Singapore GE2020: 100 low-income households in MacPherson to get lower electricity bills

The scheme, the brainchild of Sunseap Group and incumbent MP Tin Pei Ling of the People's Action Party (PAP), will be introduced later this year. ST PHOTO: KEVIN LIM

SINGAPORE - One hundred low-income households in MacPherson will only pay half their electricity bills for one year. The rest will be borne by licensed energy retailer Sunseap Energy, a local company that is a subsidiary of Sunseap Group.

Sunseap will also provide these homes with solar energy as part of a social initiative to provide clean and affordable energy to households.

In a Facebook live session with MacPherson incumbent MP Tin Pei Ling on Monday (July 6), chief executive of Sunseap Frank Phuan said that the cost of solar energy has become lower than traditional sources of energy.

"This is the first step towards sustainability; not just clean and green, but more affordable energy to the masses. Hopefully this will start the ball rolling with other corporates joining us after this one year and not just in MacPherson but other parts of Singapore as well," said Mr Phuan.

The scheme, the brainchild of Sunseap Group and incumbent MP Tin Pei Ling of the People's Action Party, will be introduced later this year. Residents will not have to pay any installation charges.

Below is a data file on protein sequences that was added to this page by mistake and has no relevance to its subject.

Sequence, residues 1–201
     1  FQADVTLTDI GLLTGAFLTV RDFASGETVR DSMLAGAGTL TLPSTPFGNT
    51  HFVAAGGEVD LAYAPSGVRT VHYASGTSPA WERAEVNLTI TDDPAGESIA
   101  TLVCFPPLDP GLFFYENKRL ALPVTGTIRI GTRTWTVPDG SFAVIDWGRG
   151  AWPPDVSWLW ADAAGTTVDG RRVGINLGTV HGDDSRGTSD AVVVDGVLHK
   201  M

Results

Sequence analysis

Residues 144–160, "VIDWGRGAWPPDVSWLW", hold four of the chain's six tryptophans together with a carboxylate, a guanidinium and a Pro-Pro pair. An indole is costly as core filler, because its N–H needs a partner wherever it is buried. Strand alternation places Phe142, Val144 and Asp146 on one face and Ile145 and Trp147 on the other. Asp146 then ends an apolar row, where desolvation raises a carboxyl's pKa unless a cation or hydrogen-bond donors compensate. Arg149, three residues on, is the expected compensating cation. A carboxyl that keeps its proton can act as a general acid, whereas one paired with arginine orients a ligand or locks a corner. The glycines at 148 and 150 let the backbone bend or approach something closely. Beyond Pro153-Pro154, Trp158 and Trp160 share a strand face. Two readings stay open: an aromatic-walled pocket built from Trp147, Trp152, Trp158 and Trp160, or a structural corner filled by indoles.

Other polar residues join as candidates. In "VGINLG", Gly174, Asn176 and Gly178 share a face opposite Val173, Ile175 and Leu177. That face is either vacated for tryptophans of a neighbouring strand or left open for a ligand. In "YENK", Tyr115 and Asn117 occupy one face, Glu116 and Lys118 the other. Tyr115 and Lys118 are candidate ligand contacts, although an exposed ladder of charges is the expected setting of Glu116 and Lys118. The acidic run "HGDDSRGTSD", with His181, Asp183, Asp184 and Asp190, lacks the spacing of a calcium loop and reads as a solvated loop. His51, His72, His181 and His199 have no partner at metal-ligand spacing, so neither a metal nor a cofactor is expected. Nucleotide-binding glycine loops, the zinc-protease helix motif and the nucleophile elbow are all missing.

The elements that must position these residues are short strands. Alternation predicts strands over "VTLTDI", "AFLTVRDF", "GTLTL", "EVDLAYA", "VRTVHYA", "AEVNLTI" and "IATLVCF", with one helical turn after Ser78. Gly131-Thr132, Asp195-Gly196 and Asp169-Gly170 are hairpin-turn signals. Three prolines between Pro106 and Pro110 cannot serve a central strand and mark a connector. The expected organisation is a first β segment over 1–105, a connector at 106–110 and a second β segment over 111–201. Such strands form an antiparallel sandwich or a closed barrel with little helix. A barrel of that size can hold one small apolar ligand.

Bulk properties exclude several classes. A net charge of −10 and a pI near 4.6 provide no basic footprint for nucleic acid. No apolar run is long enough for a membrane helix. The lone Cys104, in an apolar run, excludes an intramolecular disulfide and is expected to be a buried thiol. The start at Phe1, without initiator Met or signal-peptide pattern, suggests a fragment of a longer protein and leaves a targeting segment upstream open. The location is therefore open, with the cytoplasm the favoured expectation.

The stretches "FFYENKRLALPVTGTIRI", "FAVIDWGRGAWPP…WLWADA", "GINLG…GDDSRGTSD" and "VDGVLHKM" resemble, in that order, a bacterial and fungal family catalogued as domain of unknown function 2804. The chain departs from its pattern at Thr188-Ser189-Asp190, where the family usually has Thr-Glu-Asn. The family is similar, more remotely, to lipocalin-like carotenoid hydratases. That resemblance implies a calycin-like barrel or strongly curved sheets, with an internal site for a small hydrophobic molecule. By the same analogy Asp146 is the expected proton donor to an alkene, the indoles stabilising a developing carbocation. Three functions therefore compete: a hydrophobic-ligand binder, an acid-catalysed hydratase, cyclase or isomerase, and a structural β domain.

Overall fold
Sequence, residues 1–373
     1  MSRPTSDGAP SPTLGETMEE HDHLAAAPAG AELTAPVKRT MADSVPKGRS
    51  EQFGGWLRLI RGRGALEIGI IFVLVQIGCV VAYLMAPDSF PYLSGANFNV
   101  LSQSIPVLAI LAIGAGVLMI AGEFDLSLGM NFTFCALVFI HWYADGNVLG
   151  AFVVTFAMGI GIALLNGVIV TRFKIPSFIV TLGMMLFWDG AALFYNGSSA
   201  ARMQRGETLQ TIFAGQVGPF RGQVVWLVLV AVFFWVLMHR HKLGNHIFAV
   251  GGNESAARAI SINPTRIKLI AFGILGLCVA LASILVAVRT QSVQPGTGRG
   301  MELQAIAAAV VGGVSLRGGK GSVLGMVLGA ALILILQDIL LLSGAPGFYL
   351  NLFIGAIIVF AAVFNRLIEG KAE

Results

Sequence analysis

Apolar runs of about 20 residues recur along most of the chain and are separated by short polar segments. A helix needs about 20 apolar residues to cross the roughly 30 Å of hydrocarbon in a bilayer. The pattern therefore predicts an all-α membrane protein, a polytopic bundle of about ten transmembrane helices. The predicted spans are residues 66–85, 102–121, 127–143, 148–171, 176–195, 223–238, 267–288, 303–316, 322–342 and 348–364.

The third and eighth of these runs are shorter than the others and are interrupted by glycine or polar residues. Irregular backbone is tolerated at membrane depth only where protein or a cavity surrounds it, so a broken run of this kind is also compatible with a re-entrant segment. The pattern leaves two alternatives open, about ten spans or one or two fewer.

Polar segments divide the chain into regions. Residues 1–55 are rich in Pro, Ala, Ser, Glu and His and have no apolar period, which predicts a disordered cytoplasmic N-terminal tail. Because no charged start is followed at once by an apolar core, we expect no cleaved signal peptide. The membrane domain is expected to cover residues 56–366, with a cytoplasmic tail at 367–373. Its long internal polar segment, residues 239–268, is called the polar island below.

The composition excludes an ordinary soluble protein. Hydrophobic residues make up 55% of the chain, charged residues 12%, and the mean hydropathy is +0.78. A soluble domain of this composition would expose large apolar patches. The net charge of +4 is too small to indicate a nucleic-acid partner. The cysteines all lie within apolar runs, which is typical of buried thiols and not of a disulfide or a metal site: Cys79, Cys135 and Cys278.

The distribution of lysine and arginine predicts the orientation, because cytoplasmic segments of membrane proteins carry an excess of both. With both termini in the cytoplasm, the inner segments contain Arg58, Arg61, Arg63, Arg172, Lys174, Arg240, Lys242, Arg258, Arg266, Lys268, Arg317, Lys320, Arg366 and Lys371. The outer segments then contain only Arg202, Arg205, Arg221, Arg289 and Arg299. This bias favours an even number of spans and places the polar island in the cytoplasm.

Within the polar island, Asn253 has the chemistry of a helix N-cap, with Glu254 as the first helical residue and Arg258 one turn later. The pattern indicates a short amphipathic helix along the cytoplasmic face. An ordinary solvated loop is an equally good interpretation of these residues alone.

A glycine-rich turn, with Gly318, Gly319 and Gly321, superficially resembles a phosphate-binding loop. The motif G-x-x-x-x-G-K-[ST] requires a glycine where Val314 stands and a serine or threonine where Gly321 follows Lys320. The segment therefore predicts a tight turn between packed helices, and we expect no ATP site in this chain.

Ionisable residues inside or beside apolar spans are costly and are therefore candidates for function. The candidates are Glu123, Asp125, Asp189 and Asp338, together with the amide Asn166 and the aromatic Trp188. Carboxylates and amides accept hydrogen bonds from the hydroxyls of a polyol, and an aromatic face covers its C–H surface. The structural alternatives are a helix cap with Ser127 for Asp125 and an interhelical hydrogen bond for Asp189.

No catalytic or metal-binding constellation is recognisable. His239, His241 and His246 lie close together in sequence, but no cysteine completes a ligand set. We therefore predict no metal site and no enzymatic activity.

The PAP MacPherson Branch said that it intends to work with Sunseap and other like-minded local companies to test and implement smart solutions within the estate.

Ms Tin, 36, said the initiative comes as residents have regularly sought help with their utility bills at meet-the-people sessions.

One MacPherson resident hoping to benefit from the scheme is 44-year-old Fadillah Leman, a babysitter who lives in Block 52 Circuit Road. She said: "We have outstanding utilities bills so any help will be good. Hopefully they choose the 100 households carefully."

Other initiatives for residents later this year include dialogues and workshops at which PMETs (professionals, managers, executives and technicians) and job seekers can get advice from career counsellors. Children from lower-income families also stand to benefit from a Coding For Children programme.

Ms Tin is defending the single seat against opposition veteran Goh Meng Seng, 50.

Speaking to the media about the latest initiatives, the secretary-general of the People's Power Party said: "Any project that comes to the estate is always good. However with limited resources we must prioritise the essentials."

Listing covered walkways, a community hospital, and revamping the flats in the estate as some of these essentials, he added: "Maybe she thinks that the infrastructure of the whole estate is properly done, but I tend to disagree."

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